BORIS Johnson has cancelled his first post-lockdown pint on Monday as all Government business is to be halted following the death of Prince Philip.
The PM had planned to visit the barber's and then the pub to mark the country reaching the next stage of his roadmap out of lockdown.
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But the plans have been scrapped as politics enters a period of mourning for the Duke, who passed away today aged 99.
All ministerial appearances, including media interviews, will be shelved for the foreseeable future.
And the UK's major parties have agreed to stop campaigning against each other out of respect for the situation.
The PM was uniformed of the Prince's death this morning while he was working at No 10, and made a statement in Downing St shortly afterwards.
He then spoke to Labour leader Sir Keir Starmer, and the pair agreed to suspend political campaigning.
Only non-political public messaging, such as public health announcements, will take place during the period of mourning.
Downing St and the Palace are liaising on how long it should last.
But the roadmap out of lockdown will proceed on Monday as planned.
Parliament is being recalled from recess on Monday – a day earlier than planned – so MPs can pay their respects to the Duke.
The siting will begin at 2.30pm, with Mr Johnson leading the tributes.
But members of the public are being asked not to congregate at Royal households or lay floral tributes due to Coronavirus restrictions.
Officials are keen to avoid the build up of large crowds.
A Cabinet Office spokesman said: "We are asking the public not to gather at Royal Residences, and continue to follow public health advice particularly on avoiding meeting in large groups and on minimising travel.
“We are supporting the Royal Household in asking that floral tributes should not be laid at Royal Residences at this time.”
Many bouquets have already started to build up at the famous railings of Buckingham Palace throughout the day.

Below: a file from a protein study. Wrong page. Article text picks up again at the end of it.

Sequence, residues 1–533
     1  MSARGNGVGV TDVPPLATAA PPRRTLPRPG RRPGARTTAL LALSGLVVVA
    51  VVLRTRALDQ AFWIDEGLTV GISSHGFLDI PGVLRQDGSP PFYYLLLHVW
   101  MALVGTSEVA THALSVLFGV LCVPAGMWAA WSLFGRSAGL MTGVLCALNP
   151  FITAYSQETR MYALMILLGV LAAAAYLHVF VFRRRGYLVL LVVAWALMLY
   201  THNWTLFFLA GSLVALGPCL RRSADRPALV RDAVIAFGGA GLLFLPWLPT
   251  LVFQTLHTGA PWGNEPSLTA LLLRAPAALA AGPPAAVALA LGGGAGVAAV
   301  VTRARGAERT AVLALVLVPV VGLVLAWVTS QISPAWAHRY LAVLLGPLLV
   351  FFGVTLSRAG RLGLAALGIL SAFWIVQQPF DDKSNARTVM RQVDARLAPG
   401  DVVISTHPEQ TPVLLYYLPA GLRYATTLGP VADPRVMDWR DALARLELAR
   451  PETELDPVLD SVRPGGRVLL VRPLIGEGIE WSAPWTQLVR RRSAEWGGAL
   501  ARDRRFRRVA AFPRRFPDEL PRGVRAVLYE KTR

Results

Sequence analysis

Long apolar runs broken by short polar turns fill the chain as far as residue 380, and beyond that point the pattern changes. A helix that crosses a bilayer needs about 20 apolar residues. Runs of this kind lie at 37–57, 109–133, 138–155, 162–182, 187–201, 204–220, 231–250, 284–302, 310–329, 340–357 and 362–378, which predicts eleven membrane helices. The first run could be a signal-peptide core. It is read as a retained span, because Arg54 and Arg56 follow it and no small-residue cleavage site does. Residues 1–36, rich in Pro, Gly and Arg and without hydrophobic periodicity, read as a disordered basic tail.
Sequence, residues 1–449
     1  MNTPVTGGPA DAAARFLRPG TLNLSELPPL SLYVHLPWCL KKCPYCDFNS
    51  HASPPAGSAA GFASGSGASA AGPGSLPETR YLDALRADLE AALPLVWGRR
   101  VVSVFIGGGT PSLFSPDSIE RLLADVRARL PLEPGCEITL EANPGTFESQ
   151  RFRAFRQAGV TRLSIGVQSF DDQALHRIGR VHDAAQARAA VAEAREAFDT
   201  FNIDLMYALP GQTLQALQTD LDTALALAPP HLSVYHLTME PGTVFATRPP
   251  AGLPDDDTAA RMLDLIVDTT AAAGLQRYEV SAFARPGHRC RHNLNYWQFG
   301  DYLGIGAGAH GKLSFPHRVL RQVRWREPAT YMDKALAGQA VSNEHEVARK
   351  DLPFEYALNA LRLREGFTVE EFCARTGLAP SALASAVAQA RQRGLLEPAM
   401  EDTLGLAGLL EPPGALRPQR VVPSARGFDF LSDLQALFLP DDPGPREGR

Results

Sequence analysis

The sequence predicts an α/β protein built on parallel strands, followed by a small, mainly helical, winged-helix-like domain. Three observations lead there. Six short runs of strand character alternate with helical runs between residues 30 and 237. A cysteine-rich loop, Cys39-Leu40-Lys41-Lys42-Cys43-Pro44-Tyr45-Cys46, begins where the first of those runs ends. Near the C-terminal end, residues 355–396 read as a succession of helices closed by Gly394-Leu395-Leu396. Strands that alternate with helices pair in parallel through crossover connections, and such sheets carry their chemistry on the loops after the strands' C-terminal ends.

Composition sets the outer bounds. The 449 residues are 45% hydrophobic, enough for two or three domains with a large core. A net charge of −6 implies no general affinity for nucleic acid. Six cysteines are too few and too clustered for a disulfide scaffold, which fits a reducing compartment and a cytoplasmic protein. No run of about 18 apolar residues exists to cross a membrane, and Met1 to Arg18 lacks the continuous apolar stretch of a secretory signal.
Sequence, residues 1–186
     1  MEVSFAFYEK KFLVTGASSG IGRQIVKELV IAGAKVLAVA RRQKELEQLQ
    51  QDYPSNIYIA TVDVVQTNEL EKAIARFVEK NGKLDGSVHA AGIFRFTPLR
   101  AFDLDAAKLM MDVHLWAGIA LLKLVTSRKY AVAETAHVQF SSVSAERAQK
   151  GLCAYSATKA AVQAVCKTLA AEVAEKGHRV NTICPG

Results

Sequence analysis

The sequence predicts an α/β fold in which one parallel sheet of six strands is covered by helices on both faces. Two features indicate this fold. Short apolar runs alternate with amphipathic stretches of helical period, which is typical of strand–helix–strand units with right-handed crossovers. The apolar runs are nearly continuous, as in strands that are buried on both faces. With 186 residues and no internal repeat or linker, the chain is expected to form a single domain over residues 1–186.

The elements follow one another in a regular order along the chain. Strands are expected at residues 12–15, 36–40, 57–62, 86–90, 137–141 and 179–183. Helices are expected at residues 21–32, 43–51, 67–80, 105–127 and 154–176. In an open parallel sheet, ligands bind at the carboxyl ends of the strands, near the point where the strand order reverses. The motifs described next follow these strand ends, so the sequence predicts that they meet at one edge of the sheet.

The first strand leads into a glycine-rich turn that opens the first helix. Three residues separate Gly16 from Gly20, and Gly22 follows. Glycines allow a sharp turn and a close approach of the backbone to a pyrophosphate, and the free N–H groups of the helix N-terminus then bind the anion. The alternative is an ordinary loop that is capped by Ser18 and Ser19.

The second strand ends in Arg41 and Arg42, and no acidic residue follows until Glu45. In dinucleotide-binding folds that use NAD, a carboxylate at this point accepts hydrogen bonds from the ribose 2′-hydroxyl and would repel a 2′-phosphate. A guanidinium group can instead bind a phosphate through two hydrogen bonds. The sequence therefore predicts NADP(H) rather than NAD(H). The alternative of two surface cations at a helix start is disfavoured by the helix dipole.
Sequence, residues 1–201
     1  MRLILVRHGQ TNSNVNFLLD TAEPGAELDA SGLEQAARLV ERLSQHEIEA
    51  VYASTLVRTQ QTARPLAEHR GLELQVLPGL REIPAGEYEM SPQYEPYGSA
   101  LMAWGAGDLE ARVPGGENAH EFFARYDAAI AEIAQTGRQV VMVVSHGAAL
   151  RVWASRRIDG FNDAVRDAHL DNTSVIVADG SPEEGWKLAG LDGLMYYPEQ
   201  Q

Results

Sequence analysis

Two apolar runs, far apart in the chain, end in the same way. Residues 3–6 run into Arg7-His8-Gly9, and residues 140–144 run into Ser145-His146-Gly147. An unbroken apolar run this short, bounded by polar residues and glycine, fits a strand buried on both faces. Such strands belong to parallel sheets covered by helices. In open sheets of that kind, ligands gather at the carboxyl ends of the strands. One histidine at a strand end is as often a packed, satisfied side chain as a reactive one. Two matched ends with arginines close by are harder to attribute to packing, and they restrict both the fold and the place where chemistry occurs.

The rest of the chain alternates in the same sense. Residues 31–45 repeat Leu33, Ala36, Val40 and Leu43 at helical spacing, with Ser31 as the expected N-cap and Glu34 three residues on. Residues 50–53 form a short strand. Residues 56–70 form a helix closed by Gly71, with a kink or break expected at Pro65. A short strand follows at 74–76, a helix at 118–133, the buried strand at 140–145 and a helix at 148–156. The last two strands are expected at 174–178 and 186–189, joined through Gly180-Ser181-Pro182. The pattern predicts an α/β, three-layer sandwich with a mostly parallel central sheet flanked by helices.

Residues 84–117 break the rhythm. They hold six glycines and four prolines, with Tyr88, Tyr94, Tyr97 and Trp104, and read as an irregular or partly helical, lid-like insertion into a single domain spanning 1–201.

It comes after politicians from across the spectrum paid tribute to Prince Philip, who died today aged 99.
Boris Johnson said the whole country would mourn the passing of a "much-loved and highly respected public figure".
Paying tribute outside No 10, he said: "It was with great sadness that a short time ago I received word from Buckingham Palace that His Royal Highness the Duke of Edinburgh has passed away at the age of 99.
"Prince Philip earned the affection of generations here in the United Kingdom, across the Commonwealth and around the world.
"He was the longest serving consort in history, one of the last surviving people in this country to have served in the Second World War.
"At Cape Matapan, where he was mentioned in despatches for bravery and in the invasion of Sicily, where he saved his ship by his quick thinking.
"From that conflict he took an ethic of service that he applied throughout the unprecedented changes of the post-war era."
He added: "Like the expert carriage driver he was he helped to steer the Royal Family and the monarchy so that it remains an institution indisputably vital to the balance and happiness of our national life.
"He was an environmentalist and a champion of the natural world long before it was fashionable.
"With his Duke of Edinburgh award scheme he shaped and inspired the lives of countless young people and at literally tens of thousands of events he fostered their hopes and encouraged their ambitions."
He added: "We remember the Duke for all of this and above all for his steadfast support for Her Majesty the Queen, not just as her consort – by her side every day of her reign – but as her husband, her strength and stay of more than 70 years.
"And it's to Her Majesty and her family that our nation's thoughts must turn today, because they have lost not just a much-loved and highly respected public figure but a devoted husband and a proud and loving father, grandfather, and in recent years great grandfather.
"Speaking on their golden wedding anniversary Her Majesty said our country owed her husband a greater debt than he would ever claim or we shall ever know, and I'm sure that estimate is correct.
"So we mourn today with Her Majesty the Queen, we offer our condolences to her and all her family, and we give thanks as a nation and a kingdom for the extraordinary life and work of Prince Philip, Duke of Edinburgh."
Sir Keir Starmer added: “The United Kingdom has lost an extraordinary public servant in Prince Philip.
“Prince Philip dedicated his life to our country – from a distinguished career in the Royal Navy during the Second World War to his decades of service as the Duke of Edinburgh.
“However, he will be remembered most of all for his extraordinary commitment and devotion to The Queen."
He added: “For more than seven decades, he has been at her side.
“Their marriage has been a symbol of strength, stability and hope, even as the world around them changed – most recently during the pandemic. It was a partnership that inspired millions in Britain and beyond.
“My thoughts are with The Queen, the Royal Family and the British people as our nation comes together to mourn and remember the life of Prince Philip.”
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